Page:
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Rebecca Evans, Deputy Minister for Farming and Food

First published:
26 November 2015
Last updated:

This was published under the 2011 to 2016 administration of the Welsh Government





I attended the European Union (EU) Agriculture and Fisheries Council in Brussels on Monday 16 November as part of the UK Ministerial Delegation. I took part in the usual pre-Council briefing meetings with colleagues where I set out the issues important to Wales. 

On this occasion, George Eustice MP, Minister of State at Defra and Dr Aileen McLeod MSP, Environment Minister, Scottish Government were present.
The discussion by Ministers at Council included an exchange of views on the state of play of the simplification of the Common Agricultural Policy (CAP). The Welsh Government’s position remains that we would like to see the simplification agenda go further and at a greater pace. I joined the UK Government in encouraging the Commission to consider whether the current complex system is the best way of achieving our intended objectives of compliance and correct funding. In particular, I made the case to colleagues that more national discretion should be given in terms of how we deal with Ecological Focus Areas, and that tolerance rates for EID tags should be introduced to allow for technical errors. While the Welsh Government is disappointed that the Commission will not now review the Greening rules until next year; we welcome Commissioner Hogan’s open mind on the need for greater flexibility, and his determination to drive the simplification agenda forward.  
Ministers were also briefed by the European Commission on international agricultural markets and trade issues. World demand for agricultural products continues to rise, driven by global population growth and the increase of average incomes resulting in the diversification of consumption towards more animal products. The EU remains the top world exporter and importer of agri-food products, despite the negative effects of the Russian ban and Sanitary and Phytosanitary (SPS)-related barriers. The EU continues to take action to compensate these effects by seeking to increase exports to other destinations and alternative markets.

Alongside Commission efforts, the Welsh Government will continue to work towards gaining access to markets in the USA, China and elsewhere. I am pleased that Hybu Cig Cymru (HCC) has been successful in helping to open up new export markets across Europe as well as the Middle and Far East, Scandinavia and Canada, and HCC’s programme of work will ensure that Welsh red meat maintains a strong presence in key overseas markets. I am also pleased that the Lamb Reflection Group announced by Commissioner Hogan at the Royal Welsh Show this year has begun its work. I directly made the case to the Commissioner for Welsh membership on this group, and HCC have taken on that role.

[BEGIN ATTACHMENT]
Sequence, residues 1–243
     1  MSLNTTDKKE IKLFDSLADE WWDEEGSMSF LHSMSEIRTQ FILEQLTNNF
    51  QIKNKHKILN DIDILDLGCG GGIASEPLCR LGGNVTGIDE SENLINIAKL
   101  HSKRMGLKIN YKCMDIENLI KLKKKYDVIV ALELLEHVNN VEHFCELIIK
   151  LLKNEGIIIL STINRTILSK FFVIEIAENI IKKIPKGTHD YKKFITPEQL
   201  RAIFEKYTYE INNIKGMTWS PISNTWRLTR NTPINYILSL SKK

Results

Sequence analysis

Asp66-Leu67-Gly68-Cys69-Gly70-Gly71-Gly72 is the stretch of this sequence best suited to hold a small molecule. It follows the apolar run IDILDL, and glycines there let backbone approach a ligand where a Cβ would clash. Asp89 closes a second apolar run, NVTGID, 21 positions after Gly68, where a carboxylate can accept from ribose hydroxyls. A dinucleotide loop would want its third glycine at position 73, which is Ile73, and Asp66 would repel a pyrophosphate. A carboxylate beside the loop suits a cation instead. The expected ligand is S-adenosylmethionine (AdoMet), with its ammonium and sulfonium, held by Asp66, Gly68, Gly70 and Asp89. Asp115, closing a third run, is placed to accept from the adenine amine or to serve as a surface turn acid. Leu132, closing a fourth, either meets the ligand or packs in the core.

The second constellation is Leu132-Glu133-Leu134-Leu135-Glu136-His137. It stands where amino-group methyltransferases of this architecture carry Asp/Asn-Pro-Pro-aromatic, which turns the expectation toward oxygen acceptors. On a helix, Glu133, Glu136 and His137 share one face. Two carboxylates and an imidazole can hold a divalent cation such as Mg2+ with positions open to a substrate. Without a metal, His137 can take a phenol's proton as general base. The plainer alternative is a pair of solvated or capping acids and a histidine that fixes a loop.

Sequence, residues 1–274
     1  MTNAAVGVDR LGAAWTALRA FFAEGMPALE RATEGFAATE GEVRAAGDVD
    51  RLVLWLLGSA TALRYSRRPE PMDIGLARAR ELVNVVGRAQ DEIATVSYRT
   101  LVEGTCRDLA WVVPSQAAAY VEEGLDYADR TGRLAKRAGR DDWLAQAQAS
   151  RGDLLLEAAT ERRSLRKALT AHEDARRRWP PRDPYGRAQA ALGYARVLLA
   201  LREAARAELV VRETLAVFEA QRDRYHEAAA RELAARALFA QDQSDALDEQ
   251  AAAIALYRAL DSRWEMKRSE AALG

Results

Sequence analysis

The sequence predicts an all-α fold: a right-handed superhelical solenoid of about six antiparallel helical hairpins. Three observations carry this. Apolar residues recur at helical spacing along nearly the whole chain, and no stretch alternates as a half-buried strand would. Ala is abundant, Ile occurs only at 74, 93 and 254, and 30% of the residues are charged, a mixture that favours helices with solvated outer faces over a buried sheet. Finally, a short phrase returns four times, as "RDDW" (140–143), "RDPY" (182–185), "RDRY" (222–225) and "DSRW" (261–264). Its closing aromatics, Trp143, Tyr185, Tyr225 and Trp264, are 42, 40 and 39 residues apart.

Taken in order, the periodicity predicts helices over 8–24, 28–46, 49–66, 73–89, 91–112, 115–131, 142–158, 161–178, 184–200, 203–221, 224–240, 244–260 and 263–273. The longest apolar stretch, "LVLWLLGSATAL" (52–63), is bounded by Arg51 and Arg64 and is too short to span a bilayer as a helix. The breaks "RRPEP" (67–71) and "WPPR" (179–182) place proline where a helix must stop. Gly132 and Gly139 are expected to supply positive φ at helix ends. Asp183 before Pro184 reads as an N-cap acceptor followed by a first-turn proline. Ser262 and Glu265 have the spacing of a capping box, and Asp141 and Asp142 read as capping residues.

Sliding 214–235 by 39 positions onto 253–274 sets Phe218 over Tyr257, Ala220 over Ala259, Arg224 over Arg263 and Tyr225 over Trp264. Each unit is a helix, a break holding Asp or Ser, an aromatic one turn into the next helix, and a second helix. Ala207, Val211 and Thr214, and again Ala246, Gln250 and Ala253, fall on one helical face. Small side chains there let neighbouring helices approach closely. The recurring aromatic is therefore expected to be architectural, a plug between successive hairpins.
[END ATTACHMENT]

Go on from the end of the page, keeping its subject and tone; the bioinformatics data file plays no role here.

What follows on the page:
Ministers also discussed the work being undertaken on the EU-US Transatlantic Trade and Investment Partnership (TTIP) to open up the US market for EU producers. I reminded colleagues that I continue to seek assurances from the UK Government and EU institutions that any deal negotiated will not reduce the level of food, health, environmental or labour standards in Wales, and will in no way diminish the value of our Protected Food Name status.

The Council also considered the implementation of the package of market support measures presented to Ministers in September. Those measures were intended to respond to cash-flow difficulties faced by farmers, stabilise markets and address the functioning of the supply chain, in the context of the difficult situation of several agricultural sectors at the time. Wales’ dairy industry has been hit hard through a combination of the Russian import ban, currency exchange rates and over-supply in global markets. In response to this I have been working to present the case for Welsh farmers to the EU and I was pleased that these efforts culminated in an EU aid package of support which sees an average payment of around £1,800 per farm in Wales. These payments have already started arriving in Welsh farmers’ bank accounts.

Finally, Council discussed the future of the sugar sector in the EU. I reminded UK Ministerial colleagues that Wales was the first Fair Trade Nation, and argued that transition to a post-quota market must also consider the needs of fair trade farmers in developing countries. I informed colleagues of a meeting that the First Minister and I had with Fair Trade Wales where we heard their concerns about the end of quotas in 2017 and their request that the EU should convene a new initiative to bring together government, business and civil society to jointly fund and deliver programmes to support sugar cane farming communities through the period ahead.